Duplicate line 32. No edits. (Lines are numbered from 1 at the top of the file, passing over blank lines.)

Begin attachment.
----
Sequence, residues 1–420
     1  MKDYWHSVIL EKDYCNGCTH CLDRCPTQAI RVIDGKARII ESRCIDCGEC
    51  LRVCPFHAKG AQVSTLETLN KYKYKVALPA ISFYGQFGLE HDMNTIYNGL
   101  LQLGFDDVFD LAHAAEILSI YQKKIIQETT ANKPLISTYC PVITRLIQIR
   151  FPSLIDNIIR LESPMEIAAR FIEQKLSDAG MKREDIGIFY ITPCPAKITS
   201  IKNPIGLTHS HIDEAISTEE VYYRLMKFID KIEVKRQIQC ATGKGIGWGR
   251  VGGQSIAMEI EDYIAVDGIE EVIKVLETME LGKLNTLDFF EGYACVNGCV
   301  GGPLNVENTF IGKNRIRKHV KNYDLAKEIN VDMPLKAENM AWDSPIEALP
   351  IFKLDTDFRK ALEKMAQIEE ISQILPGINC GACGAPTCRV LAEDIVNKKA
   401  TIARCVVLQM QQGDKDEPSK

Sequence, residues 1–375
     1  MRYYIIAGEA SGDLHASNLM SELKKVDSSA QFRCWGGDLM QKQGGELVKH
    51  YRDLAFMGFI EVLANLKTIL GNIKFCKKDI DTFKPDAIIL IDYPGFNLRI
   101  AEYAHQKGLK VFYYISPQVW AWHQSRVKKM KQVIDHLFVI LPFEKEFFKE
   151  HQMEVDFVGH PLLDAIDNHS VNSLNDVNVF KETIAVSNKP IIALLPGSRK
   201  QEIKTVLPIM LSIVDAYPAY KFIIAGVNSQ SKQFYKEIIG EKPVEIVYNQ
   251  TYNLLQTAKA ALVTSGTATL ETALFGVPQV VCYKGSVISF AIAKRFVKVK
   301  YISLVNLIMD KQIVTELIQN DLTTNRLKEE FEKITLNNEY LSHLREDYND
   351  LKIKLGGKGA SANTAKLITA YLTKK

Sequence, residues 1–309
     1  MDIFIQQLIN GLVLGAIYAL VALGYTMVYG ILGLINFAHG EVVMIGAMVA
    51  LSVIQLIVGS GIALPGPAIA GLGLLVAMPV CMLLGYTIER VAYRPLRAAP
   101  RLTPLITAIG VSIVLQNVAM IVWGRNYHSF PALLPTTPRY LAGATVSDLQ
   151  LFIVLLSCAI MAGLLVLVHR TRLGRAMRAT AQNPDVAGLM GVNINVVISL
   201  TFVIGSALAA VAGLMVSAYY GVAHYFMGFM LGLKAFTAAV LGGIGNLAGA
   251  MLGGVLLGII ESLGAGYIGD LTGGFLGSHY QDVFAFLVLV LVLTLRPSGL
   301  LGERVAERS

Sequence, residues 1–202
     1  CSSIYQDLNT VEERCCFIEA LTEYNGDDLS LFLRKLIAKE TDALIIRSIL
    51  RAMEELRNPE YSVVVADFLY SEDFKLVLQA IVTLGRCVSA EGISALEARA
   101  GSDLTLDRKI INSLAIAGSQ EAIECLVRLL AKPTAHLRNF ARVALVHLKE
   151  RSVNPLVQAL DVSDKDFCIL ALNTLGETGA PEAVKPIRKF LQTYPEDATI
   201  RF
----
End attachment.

   151  RSVNPLVQAL DVSDKDFCIL ALNTLGETGA PEAVKPIRKF LQTYPEDATI